PEER REVIEWED

Abstract

Introduction
Understanding physical activity is key in the fight against childhood obesity. The objective of this study was to examine the feasibility of using certain wearable devices to measure physical activity among children.

Methods
A qualitative study was conducted with 25 children aged 7 to 10 years to assess acceptability and compliance of wearable activity devices in this age group. During March through August 2012, children participated in a 4-week study of 3 accelerometer models and a heart rate monitor. Children were asked to use a different device each week for 7 consecutive days. Children and their parents completed structured interviews after using each device; they also completed a final exit interview.

Results
The wrist-worn Polar Active was the device most preferred by children and was associated with the highest level of compliance. Devices that are comfortable to wear, fit properly, have engaging features, and are waterproof increase feasibility and are associated with higher levels of compliance.

Conclusion
The wrist-worn device was the most feasible for measuring physical activity among children aged 7 to 10 years. These findings will inform researchers in selecting tools for measuring children’s physical activity.

The Relationship Between State Policies for Competitive Foods and School Nutrition Practices in the United States

PEER REVIEWED

Abstract

Introduction
Most students in grades kindergarten through 12 have access to foods and beverages during the school day outside the federal school meal programs, which are called competitive foods. At the time of this study, competitive foods were subject to minimal federal nutrition standards, but states could implement additional standards. Our analysis examined the association between school nutrition practices and alignment of state policies with Institute of Medicine recommendations (IOM Standards).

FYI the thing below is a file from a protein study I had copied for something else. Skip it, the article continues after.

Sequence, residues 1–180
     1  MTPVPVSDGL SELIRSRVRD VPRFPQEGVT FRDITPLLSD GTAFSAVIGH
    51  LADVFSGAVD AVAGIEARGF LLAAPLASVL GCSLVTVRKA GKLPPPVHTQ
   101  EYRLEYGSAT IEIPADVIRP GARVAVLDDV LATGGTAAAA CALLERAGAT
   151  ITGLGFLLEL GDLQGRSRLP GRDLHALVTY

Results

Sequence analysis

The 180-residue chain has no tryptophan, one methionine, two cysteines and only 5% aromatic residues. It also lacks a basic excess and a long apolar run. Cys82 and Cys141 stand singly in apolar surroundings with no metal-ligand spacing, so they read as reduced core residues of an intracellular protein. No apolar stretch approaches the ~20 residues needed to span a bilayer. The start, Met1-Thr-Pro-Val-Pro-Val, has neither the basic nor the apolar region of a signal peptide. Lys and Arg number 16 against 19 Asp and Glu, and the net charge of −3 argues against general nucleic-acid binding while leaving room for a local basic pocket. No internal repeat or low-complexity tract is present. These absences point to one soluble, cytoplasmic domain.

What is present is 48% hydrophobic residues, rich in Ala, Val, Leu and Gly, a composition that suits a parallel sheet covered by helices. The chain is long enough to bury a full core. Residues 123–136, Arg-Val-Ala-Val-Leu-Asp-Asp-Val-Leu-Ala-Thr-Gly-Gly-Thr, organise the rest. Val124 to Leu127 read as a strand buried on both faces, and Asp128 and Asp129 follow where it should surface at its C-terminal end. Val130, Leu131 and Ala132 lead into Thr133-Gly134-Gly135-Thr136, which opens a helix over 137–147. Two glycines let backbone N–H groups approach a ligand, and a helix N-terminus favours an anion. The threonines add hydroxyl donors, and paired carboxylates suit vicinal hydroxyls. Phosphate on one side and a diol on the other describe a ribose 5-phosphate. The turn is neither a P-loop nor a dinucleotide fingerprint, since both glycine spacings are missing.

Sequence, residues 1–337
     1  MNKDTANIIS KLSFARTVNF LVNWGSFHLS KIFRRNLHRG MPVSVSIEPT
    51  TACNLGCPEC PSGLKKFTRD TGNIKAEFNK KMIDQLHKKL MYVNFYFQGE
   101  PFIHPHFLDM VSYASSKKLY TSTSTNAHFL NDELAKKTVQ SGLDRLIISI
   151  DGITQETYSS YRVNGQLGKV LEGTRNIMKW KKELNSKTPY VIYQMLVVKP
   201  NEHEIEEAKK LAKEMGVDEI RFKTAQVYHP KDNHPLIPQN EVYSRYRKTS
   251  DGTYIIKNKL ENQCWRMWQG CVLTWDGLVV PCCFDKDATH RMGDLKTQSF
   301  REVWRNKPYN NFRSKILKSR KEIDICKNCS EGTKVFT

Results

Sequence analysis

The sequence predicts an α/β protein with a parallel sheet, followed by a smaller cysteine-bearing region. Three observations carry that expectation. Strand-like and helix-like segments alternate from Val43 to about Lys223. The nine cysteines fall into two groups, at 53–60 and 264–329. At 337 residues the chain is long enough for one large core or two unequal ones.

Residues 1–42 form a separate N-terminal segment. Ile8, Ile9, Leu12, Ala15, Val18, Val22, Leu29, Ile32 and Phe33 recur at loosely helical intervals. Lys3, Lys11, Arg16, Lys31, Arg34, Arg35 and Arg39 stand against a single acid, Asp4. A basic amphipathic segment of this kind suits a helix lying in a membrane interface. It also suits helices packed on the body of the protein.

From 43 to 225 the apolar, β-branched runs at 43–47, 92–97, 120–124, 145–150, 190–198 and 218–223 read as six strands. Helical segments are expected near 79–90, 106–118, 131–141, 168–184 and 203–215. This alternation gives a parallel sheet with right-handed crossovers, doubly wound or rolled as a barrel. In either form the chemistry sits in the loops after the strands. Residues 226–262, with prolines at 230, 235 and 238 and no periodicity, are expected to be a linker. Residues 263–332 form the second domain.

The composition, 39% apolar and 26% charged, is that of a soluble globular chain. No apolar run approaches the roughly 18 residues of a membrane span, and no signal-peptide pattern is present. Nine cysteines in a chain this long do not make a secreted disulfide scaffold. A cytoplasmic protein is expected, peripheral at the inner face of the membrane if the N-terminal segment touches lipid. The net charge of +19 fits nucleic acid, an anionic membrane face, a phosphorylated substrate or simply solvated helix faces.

Parks and Health: Aligning Incentives to Create Innovations in Chronic Disease Prevention

ESSAY

Meredith A. Barrett, PhD; Daphne Miller, MD; Howard Frumkin, MD, DrPH

Suggested citation for this article: Barrett MA, Miller D, Frumkin H. Parks and Health: Aligning Incentives to Create Innovations in Chronic Disease Prevention. Prev Chronic Dis 2014;11:130407. DOI: http://dx.doi.org/10.5888/pcd11.130407.

Federal, state, and local park agencies across the nation have faced budget cuts in recent years as a result of the economic downturn and sequestration, resulting in park closures, reduced hours, staffing cuts, and deferred maintenance. For example, California faced closure of 70 state parks in 2012 to trim $22 million from the strapped state budget. Although most parks were saved by contributions from various partners, future funding remains tenuous. Perhaps the initial proposal to shutter 25% of California’s state parks to save 0.14% of the state budget deficit would not have been made if we valued these lands not only for recreation and conservation but also as a critical public health resource. With health care reform shifting incentives toward prevention, now is the time to look for low-cost, high-yield wellness opportunities, such as those offered by parks and other green spaces.